The Canadian Securities Administrators (CSA) has published a notice addressing the issue of initial coin offerings (ICOs) and whether, or not, these tokens are securities. The document by the CSA leaves little room for utility tokens to actually exist – at least not in the current ICO environment.
Furthermore, the CSA states:
“Staff are conducting active surveillance of coin and token offerings activity to identify past, ongoing and potential future violations of securities laws or conduct in the capital markets that is contrary to the public interest. CSA members have taken and intend to continue taking regulatory and / or enforcement action against businesses that do not comply with securities laws.”
This statement should cause concern for any issuer that sold a “utility” token to Canadian investors at any point in the past.
The CSA sets out a set of questions to ask an issuer if an ICO should be considered a security. Very similar to the US Howey test, the CSA states:
- An offering of tokens may involve the distribution of securities because:
- the offering involves the distribution of an investment contract; and/or
- the offering and / or the tokens issued are securities under one or more of the other enumerated branches of the definition of security or may be a security that is not covered by the non-exclusive list of enumerated categories of securities.
The CSA further interprets an “investment contract” as involving:
- An investment of money
- In a common enterprise
- With the expectation of profit
- To come significantly from the efforts of others
To help further edify their distinction of what constitutes a security, the CS has provided a series of examples to help deliver the message that most ICOs must be regulated under existing securities law.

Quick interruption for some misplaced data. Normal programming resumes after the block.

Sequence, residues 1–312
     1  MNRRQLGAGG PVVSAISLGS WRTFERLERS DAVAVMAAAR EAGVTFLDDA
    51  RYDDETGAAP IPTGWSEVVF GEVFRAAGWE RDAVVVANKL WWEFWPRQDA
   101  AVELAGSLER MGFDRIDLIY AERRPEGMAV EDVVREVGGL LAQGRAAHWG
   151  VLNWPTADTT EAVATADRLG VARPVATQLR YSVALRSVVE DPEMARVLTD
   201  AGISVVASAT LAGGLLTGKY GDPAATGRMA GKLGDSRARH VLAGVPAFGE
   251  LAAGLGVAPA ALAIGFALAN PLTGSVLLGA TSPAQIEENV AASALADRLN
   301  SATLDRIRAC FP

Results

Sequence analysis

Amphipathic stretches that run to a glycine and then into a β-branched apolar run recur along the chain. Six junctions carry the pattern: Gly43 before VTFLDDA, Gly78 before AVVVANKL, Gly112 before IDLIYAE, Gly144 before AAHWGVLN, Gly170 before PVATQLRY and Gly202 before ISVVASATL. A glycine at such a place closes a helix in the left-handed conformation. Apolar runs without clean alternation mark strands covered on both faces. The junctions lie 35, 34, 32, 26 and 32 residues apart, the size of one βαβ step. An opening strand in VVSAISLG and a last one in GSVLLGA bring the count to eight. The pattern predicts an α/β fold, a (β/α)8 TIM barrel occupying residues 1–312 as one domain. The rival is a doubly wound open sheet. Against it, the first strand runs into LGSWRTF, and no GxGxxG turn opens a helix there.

It is a fair statement to claim that just about every single ICO in the past was purchased with the intent of trading these cryptocurrencies on an exchange where they may be able to gain from an appreciation in price. If the existence of secondary trading is “critical to the success of the offering of tokens,” it is deemed a security.
Another situation that may have an implication is the presence of one or more of the elements of an investment contract where the tokens are reasonably expected to, or marketed to trade on, one or more crypto-asset trading platform (including decentralized or “peer-to-peer” trading platforms) or to otherwise be freely tradable in the secondary market.
This fact indicates that purchasers may acquire the tokens with an expectation to resell them at a profit. This is particularly true where the existence of secondary trading is critical to the success of the offering of tokens or is featured prominently in the marketing of the offering.
“In general, with the offerings of tokens we have seen that have involved securities, the public transferability of the tokens has not been restricted, potentially placing persons trading the tokens offside resale restrictions in securities laws.”
If a token is traded on a secondary market where the issuer has no control, this is not “relevant in assessing whether purchasers expect a profit.”
In brief, similar to the US, ICO issuers must be resigned to the fact that ICOs are securities. The only extreme example would be for a fenced off token that is only usable for a platform and not exchangeable for fiat or other crypto. The CSA states they welcome Fintech innovation and recommends issuers considering a token offering to speak to their provincial regulator.